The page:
DISSERTATION RESEARCH: Behavioral adaptation to captivity in the zebrafish, Danio rerio
PI Barrie D. Robison Proposal # IOS-0808551 Behavioral adaptation to captivity in the zebrafish, Danio rerio.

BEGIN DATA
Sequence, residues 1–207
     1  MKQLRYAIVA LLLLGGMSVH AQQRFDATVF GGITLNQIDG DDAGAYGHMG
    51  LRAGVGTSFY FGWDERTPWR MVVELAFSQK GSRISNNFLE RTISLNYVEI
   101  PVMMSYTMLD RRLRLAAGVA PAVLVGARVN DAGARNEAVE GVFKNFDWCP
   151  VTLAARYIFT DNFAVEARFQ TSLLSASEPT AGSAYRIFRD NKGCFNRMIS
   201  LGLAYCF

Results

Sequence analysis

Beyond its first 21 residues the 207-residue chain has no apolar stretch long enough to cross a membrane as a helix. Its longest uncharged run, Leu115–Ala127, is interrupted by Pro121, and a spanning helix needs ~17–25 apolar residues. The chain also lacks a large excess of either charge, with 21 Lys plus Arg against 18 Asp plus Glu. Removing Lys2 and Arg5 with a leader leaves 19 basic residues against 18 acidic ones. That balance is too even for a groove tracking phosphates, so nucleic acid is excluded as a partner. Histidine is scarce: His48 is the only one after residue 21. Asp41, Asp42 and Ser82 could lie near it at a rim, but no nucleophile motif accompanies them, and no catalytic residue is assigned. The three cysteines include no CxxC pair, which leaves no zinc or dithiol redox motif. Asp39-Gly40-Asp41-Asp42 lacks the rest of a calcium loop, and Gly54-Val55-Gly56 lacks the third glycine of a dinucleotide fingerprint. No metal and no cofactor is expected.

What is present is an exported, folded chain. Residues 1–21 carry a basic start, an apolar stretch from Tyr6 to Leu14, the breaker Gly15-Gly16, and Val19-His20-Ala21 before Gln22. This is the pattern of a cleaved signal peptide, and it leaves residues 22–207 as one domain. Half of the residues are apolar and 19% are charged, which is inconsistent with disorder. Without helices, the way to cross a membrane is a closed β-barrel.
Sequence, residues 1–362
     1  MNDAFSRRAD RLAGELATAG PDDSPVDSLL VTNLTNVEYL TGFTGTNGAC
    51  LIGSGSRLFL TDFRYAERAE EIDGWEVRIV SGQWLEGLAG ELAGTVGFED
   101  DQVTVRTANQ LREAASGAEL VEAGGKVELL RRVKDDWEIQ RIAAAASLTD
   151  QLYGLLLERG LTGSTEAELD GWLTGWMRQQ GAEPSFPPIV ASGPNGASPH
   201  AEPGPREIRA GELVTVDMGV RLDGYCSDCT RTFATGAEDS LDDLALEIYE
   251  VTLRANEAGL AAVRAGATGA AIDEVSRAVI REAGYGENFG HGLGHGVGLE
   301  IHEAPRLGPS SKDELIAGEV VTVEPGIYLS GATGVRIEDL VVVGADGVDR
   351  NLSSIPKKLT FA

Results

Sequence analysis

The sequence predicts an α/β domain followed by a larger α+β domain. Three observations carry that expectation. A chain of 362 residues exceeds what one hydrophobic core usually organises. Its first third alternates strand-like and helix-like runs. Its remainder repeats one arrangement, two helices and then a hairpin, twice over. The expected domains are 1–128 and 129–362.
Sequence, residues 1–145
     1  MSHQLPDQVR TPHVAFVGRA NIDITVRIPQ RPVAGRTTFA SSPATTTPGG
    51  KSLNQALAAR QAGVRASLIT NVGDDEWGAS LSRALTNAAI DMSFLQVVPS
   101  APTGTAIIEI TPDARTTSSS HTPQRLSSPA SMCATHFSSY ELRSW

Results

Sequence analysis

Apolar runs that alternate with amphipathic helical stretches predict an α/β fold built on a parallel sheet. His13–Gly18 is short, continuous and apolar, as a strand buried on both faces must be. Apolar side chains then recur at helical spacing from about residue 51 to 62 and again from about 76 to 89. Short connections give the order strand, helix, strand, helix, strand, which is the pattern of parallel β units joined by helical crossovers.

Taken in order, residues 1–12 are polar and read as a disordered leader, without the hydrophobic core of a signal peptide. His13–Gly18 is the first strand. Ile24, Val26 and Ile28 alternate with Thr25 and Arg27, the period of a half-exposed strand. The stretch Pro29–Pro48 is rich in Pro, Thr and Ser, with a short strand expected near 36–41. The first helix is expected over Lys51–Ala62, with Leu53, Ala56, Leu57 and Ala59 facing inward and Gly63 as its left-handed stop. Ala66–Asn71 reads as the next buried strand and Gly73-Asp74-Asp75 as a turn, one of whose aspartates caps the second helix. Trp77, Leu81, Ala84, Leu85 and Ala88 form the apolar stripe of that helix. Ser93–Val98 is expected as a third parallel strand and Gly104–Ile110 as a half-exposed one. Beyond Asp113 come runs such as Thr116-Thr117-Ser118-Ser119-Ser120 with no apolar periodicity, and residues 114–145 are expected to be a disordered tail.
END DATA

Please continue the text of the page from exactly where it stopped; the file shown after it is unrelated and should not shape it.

Captive breeding programs are often used as a conservation tool. Unfortunately, adaptation to the captive environment (domestication) can produce dramatic behavioral changes that make captive animals unsuitable for release into the wild. Understanding the processes that produce the tame behavior typical of domesticated populations helps the development of informed conservation decisions. Wild and domestic zebrafish will be used to examine the relationship between stress and the tame behavioral type produced by domestication. Studies will integrate behavioral and hormonal assays with studies of genetics. Wild populations of zebrafish are expected to show higher levels of stress hormones in the laboratory relative to domestic populations, as well as higher responses to stressful activities such as handling by humans. This research will build understanding of how and why behavior changes during domestication, and set the stage for future studies on the genetic basis of these changes. Broader impacts will include research training opportunities that will enhance educational experiences by integrating studies of behavior, endocrinology, and genetics. The work will include mentoring of undergraduate students.